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Excellent post... Thanks for sharing your knowledge...

I knew that something changed in the rails, but didn't have the full story that you presented... good stuff!
 

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Very informative thread Boomer....
 

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Discussion Starter · #43 ·
***UPDATE***​

I fixed the links for the missing pictures on the #1 post.
 

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Thanks...

This has been a popular thread!
 

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Great piece of writing!! Nice to learn the history and evolution of Glocks... thank you sir.
 

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This is the greatest forum ever! I have read this post 3 times and still enjoy what I'm learning!


"I'd rather live one day as a lion than one thousand years as a lamb. "
 

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The accounting in the OP's starter post, regarding how Gaston designed pistols is total, unadulterated horsehockey. He didn't know jack about designing firearms, so he wisely hired Austrian engineers and firearms design experts who did know jack about designing firearms. Gaston is a marketing genius, not a pistol-designing genius! :cool:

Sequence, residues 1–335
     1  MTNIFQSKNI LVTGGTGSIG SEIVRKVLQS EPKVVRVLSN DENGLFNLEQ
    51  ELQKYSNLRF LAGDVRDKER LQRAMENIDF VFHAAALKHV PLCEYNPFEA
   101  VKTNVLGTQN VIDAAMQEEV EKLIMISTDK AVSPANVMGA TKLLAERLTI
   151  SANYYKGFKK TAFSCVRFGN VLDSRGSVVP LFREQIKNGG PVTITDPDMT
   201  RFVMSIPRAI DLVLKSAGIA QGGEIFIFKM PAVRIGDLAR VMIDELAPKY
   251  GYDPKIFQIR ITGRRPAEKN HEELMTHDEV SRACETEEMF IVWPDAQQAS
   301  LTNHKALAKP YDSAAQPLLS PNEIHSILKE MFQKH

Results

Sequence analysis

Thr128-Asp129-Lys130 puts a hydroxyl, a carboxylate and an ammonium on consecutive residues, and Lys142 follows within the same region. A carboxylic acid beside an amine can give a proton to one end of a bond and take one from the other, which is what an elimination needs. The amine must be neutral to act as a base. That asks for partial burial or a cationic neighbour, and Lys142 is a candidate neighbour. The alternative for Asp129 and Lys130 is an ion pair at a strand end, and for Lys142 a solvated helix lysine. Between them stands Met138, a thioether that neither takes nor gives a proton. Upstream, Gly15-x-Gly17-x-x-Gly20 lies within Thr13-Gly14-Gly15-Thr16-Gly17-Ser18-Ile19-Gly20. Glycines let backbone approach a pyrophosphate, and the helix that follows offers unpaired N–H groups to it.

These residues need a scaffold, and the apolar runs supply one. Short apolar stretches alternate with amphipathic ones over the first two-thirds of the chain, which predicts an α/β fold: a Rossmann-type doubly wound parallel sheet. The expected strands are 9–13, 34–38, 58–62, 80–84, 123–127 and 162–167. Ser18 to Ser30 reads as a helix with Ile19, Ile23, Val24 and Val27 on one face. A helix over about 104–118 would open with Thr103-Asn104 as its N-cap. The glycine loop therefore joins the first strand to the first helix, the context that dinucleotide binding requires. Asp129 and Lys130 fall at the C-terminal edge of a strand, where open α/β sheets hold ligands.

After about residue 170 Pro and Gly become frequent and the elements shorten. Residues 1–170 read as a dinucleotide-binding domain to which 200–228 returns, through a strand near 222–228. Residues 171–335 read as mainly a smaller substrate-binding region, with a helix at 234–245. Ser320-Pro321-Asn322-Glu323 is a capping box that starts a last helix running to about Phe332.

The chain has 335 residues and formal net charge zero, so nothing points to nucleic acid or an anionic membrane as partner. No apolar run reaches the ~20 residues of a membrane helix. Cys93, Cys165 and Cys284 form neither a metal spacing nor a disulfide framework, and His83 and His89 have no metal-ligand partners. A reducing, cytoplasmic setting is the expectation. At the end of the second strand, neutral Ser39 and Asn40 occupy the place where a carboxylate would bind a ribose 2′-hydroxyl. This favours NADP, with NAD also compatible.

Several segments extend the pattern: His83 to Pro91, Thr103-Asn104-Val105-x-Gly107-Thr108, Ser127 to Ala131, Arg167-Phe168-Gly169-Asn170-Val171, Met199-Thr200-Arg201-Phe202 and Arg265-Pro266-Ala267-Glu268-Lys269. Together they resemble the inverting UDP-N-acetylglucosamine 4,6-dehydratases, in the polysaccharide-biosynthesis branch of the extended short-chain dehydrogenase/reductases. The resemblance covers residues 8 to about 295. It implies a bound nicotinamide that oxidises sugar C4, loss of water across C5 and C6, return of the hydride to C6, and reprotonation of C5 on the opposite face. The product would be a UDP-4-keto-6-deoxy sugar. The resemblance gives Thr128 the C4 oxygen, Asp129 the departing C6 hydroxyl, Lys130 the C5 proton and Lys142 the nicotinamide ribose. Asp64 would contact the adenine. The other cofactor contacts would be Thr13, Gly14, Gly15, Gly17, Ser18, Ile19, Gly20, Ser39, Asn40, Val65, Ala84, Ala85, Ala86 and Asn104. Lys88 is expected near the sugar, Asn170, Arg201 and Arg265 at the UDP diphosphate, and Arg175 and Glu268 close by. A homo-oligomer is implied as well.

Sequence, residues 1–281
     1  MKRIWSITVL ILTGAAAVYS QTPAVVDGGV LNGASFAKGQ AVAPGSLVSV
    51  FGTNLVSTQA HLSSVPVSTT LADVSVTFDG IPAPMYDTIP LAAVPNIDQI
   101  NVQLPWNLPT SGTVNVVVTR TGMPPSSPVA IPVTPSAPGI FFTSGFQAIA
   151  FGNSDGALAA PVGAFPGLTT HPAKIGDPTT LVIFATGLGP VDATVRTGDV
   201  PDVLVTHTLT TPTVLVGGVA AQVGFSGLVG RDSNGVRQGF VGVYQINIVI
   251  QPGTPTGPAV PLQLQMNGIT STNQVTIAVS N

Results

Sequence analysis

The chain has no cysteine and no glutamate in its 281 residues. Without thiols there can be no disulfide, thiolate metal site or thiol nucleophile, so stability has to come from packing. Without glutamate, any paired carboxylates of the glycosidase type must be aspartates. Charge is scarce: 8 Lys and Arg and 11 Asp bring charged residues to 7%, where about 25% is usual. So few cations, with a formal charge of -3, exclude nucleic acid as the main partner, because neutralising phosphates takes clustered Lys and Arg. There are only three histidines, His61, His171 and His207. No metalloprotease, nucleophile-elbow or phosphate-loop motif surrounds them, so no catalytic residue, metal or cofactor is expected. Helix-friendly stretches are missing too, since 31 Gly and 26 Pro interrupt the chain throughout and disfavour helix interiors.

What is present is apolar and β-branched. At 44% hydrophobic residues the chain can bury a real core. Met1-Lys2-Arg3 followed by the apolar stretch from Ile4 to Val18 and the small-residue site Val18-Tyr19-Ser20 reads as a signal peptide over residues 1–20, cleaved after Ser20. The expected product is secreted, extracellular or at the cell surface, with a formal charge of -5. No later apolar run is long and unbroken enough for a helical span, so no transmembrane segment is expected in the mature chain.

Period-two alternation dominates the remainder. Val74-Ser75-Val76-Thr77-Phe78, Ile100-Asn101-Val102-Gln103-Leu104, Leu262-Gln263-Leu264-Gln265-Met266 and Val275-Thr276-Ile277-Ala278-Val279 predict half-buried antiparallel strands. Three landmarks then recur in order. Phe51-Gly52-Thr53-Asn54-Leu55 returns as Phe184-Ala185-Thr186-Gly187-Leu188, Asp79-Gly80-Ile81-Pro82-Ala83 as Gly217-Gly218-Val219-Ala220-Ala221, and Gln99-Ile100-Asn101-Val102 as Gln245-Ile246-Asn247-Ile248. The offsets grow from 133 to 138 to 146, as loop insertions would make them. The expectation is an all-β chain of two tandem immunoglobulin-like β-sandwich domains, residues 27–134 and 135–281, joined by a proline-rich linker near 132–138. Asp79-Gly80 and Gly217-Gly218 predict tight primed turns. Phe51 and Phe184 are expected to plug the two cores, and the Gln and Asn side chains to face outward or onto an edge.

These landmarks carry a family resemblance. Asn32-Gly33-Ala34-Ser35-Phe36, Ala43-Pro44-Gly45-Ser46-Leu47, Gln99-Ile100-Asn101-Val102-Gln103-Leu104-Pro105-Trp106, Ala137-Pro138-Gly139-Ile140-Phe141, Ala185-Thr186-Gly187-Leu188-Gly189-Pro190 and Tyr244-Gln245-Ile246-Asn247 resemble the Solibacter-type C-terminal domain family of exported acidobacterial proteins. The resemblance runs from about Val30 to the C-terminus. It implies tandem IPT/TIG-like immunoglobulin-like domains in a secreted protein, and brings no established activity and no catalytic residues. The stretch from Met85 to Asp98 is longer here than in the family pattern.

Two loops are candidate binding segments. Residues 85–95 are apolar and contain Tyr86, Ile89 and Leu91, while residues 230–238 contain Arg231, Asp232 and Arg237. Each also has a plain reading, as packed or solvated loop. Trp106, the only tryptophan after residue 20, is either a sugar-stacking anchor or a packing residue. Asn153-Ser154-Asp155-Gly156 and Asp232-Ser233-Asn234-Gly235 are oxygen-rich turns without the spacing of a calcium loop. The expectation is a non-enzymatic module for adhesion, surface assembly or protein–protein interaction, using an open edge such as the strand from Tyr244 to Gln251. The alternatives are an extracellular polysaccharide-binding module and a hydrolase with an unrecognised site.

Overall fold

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Excellent write up. I enjoyed reading it. Thanks. I first came to know of Glocks while I was in the service in 1991. I suppose they were the gen 2?

I had the opportunity to handle the 17, 19 and 21 and found I liked the 21 in my hand the best.

If memory serves, they (a couple of the guys in my squad) had taken a Glock and submerged it in salt water (in a five gallon bucket) for several days. Then they took it and fired it. It did not misfire. I knew then, that these were the side arm for me. They had been advertised as indestructable. Made from plastic if I recall properly. They got a lot of attention and were also picked up by the Rod and Gun clubs on the bases.
 

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The accounting in the OP's starter post, regarding how Gaston designed pistols is total, unadulterated horsehockey. He didn't know jack about designing firearms, so he wisely hired Austrian engineers and firearms design experts who did know jack about designing firearms. Gaston is a marketing genius, not a pistol-designing genius! :cool:
Walter ... very true. And the engineers didn't really invent much new either. Major elements of the "Tupperwear" gun were synthesized into a new unique product. Having said, besides his marketing skills, I'd also say the guy had a real set of steel ones on him to compete with established gun manufacturers. Can you imagine what his reputation would be like had he failed?

I always admire people that get successful because they surround themselves with experts - put their ego aside for a time - and then solve a problem. They essentially become experts at finding experts to fill a particular niche.

And there is only one horsehockey that my horses hock ... the unadulterated kind ... pure ... absolutely pure.
 

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Alright, the pictures are now updated.
I belive the quote was "Get rid of that silver plated sissy pistol, get yourself a Glock". How about Die Hard 2 when Bruce goes "Hey that's a Glock 7. It's all plastic and cost more than you can make in a month".
 
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